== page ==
Tuesday, 22 January 2008

Me First and the Gimme Gimmes

The Corner Hotel, Richmond.

Me First and the Gimme Gimmes (hereinafter "The Gimmes") are a punk cover band specialising in covers of decidedly non-punk songs. (I use the word "punk" advisedly here, and only because this is the word used in their Wikipedia entry. Speed metal, or at the very least, pop-punk, might be a better description for their style, but more on this later).

The Gimmes have been around since the mid 1990s and even after their seventh album (the eighth due sometime this year) show no signs of running out of material.

Selections in last night's show included Kermit the Frog's Rainbow Connection, Barry Manilow's Mandy and My Favourite Things from The Sound of Music. Every single one of these songs was vastly improved with the Gimmes treatment.

The postmodern wanker part of me wants to deconstruct what they do in terms of breaking songs down into their base components . . . they're displaying these songs as they really are in a language easily understood by anyone. Sort of like turning Shakespeare's plays into a kid's colouring book.

But then the headbanger part of me gets the postmodern wanker into a headlock, throws him to the beer-drenched floor and glasses him for being such a tool. And he deserves it too.

There's no analysing this stuff. It's just flat out great fun.

The Gimmes were all dressed in cowboy regalia to complement their most recent album ". . . Love Their Country" (with songs like Jolene and Desperado) and much was made of the large handlebar moustaches sported by three of the five members. Banter in general was plentiful and amusing, although lead singer Spike's announcement that "this next song is a cover" before just about every song soon went from amusing to irritating.

For some reason I was surprised to see such a large headbanger contingent in the crowd. I guess I was expecting more audience members like myself: Gen X types moved to ironic amusement by these clever-clever shenanigans. While such people were surely there (but being much quieter) there were a lot of younger people who've probably never even heard the original version of Sloop John B.

Still, they seemed to enjoy themselves. God, I feel old.

More traditional hard rockers Roshambo and Stolen Youth provided worthy support, although Robb was bothered by the appearance of Roshambo's bong-monkey (their term - a roadie who brought a white space-age-looking bong on stage for use by the band between/during songs). I'll let him expand on this in the comments (if he will) but it was basically about the pretension and affectation this indicated, unworthy of a second-support act.

This got us talking about the relevance of traditional punk tropes in a post-modern world and didn't get very far before the wanker was again glassed by the headbanger (see above).

Anyway, my point somewhere in there was that the nihilism and sense of impending doom that characterised the great punk bands just isn't there for The Gimmes. They clearly love what they're doing and it rubs off on the audience. There's nothing quite like a version of Blowin' in the Wind at double speed and triple volume to make you think that Dylan should not only have gone electric, but should have moved to Seattle.

But all this thinking is well and truly beside the point.

It was very good and very loud. And that's all.


Budge said...

i have one beatles song only, and one dylan song only on my pod... both are performances by the gimmes.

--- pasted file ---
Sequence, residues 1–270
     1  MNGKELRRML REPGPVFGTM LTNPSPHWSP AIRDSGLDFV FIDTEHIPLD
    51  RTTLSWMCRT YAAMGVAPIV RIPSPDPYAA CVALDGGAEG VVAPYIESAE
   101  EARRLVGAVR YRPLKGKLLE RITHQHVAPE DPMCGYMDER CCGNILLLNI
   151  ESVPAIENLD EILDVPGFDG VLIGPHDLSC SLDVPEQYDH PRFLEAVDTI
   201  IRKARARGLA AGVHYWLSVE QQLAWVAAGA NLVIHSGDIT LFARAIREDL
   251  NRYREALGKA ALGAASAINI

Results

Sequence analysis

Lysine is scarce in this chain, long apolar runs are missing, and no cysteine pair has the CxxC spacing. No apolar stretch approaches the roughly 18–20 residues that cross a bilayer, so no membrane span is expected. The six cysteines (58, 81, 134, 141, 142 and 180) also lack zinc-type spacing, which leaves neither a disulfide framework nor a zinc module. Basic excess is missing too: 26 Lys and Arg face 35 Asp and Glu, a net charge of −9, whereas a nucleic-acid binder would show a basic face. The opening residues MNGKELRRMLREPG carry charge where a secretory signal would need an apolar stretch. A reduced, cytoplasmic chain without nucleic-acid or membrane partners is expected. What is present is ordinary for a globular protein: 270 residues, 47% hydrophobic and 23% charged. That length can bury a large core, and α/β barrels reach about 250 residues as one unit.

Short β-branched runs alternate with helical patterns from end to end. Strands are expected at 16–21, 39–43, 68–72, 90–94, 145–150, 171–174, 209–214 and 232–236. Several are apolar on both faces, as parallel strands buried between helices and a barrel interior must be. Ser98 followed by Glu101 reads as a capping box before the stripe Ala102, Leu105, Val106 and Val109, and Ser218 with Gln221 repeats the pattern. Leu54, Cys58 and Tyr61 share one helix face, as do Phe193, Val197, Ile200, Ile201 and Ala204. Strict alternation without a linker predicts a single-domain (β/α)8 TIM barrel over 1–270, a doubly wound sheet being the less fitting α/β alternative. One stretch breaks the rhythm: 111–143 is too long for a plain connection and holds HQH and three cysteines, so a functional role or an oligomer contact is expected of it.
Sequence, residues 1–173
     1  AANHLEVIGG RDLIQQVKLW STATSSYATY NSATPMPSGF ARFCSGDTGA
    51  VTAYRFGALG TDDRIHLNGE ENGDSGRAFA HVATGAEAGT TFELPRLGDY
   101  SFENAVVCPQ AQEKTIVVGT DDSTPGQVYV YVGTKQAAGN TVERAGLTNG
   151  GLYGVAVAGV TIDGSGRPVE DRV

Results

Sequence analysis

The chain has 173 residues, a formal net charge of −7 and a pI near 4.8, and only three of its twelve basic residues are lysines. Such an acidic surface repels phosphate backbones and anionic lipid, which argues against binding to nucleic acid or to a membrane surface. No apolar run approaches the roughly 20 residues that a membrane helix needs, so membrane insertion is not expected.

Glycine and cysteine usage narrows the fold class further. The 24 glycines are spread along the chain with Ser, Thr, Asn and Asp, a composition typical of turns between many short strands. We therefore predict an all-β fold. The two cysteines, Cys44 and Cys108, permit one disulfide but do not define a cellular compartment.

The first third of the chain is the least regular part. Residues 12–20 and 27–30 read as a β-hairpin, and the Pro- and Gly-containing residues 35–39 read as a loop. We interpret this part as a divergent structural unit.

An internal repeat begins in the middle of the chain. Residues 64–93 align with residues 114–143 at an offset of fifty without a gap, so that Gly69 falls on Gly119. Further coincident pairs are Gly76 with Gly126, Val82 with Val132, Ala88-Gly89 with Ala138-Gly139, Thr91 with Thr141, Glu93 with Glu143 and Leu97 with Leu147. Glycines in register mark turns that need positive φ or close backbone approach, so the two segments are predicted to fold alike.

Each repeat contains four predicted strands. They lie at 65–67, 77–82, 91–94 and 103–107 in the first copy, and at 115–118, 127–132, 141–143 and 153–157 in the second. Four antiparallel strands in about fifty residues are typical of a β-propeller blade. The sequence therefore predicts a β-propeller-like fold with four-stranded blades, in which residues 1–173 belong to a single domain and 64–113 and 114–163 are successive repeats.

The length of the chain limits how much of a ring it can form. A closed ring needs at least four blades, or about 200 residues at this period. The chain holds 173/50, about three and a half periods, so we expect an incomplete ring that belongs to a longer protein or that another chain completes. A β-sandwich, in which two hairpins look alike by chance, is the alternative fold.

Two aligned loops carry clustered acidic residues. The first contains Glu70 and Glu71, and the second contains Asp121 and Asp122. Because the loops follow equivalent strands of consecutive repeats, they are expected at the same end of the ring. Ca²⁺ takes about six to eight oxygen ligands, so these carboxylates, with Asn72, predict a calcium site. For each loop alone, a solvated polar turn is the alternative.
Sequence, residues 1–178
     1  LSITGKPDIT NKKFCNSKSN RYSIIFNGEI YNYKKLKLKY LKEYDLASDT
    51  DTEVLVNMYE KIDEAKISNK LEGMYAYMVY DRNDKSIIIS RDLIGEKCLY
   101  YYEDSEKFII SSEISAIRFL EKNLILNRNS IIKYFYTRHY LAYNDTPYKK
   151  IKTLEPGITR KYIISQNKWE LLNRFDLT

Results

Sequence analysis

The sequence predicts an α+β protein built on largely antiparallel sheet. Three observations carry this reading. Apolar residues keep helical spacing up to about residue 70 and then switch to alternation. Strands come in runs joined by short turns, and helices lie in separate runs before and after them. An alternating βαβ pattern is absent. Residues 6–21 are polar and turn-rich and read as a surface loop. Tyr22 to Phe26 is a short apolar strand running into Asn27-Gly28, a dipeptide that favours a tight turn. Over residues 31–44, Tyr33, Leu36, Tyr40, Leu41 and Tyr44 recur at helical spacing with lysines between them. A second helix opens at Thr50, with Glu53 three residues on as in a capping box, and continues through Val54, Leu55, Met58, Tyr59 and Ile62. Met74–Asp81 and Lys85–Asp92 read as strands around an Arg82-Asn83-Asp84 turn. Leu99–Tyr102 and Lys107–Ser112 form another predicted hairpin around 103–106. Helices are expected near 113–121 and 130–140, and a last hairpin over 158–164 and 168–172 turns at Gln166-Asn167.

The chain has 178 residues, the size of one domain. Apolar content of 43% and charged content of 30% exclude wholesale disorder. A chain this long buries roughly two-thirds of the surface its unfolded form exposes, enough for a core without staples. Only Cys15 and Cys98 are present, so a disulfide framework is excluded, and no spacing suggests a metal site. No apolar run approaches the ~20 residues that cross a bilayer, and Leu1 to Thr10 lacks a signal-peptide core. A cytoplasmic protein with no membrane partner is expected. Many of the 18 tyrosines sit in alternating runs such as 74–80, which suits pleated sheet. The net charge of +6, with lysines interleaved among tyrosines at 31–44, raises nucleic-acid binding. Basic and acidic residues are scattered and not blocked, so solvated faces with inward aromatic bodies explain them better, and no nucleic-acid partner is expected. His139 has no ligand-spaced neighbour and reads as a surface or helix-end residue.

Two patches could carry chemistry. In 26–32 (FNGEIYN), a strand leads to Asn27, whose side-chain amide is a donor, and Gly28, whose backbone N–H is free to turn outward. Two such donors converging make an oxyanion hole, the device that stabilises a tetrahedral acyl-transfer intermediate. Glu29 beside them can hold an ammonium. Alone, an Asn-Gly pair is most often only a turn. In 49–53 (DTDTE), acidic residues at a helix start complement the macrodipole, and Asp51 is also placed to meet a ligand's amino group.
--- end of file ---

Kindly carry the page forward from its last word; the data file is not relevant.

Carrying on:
actually that's not true. i also have "the mighty quinn" done not by dylan. I still feel a little ashamed.

Spoon said...

And I bet, Budge, that you regard that one Beatles song not so much as a Beatles song, but as a Johnny Young song. Matt and I were discussing in car last night that All My Loving is so intrinsically linked with Young Talent Time that, even as a Beatles fan, I don't think of that one as a Beatles song.

And the Bong Monkey?
Well yeah. A band that no-one has heard of, who play a half hour set before ANOTHER band that no one has heard of (they were the first support not the second, chronologically), don't (and I believe that this was the phrase I used last night) have enough of a "self" to warrant such self indulgence. I'm sure they could (and most likely did) have a hit from the bong before they went on stage and could have either waited 'til the end of the set or popped off stage for a second to take a quick toke. After all one of the 3 guitarists (Phil Spectre didn't know what a wall of sound was, I tells ya) went off to the bar 2 songs before their last. (And Matt helped him carry them back, getting up on stage in the process.)

To have a guy come on stage in his hoody, with his big plastic bong was just a pretentious affectation. "ooh look at us, aren't we bad boys, we not only talk about smoking dope we actually do it!"

And, given an underlying theme of this particular blog post and reply is "sounding old" all I can say is: "It's not big, and it's not clever."

And I think the term is pop-punk or perhaps california punk. The same league as Bad Religion and, obviously NoFX. (I bet Dead Kennedys fans would be annoyed and say that THEY are California Punk, but what can you do.)

One word I know I didn't use was "Trope". If I'd known we were discussing "the relevance of traditional punk tropes in a post-modern world" then I would have brought a pencil. I think the conversation as I remember it was Matt saying that, given people don't have anything to rally against, and in particular given that any kind of musical is marketable, the only thing that makes punk punk is affectations. And I said "tell me how that means the bong monkey isn't pretentious" and then matt said "let's move away from the door to the Ladies' toilets, I'm sicking of getting dirty looks from girls as they walk past us." and I said "that will happen no matter where we go."

Well I didn't say that last bit, but I should have. Oooh I should have.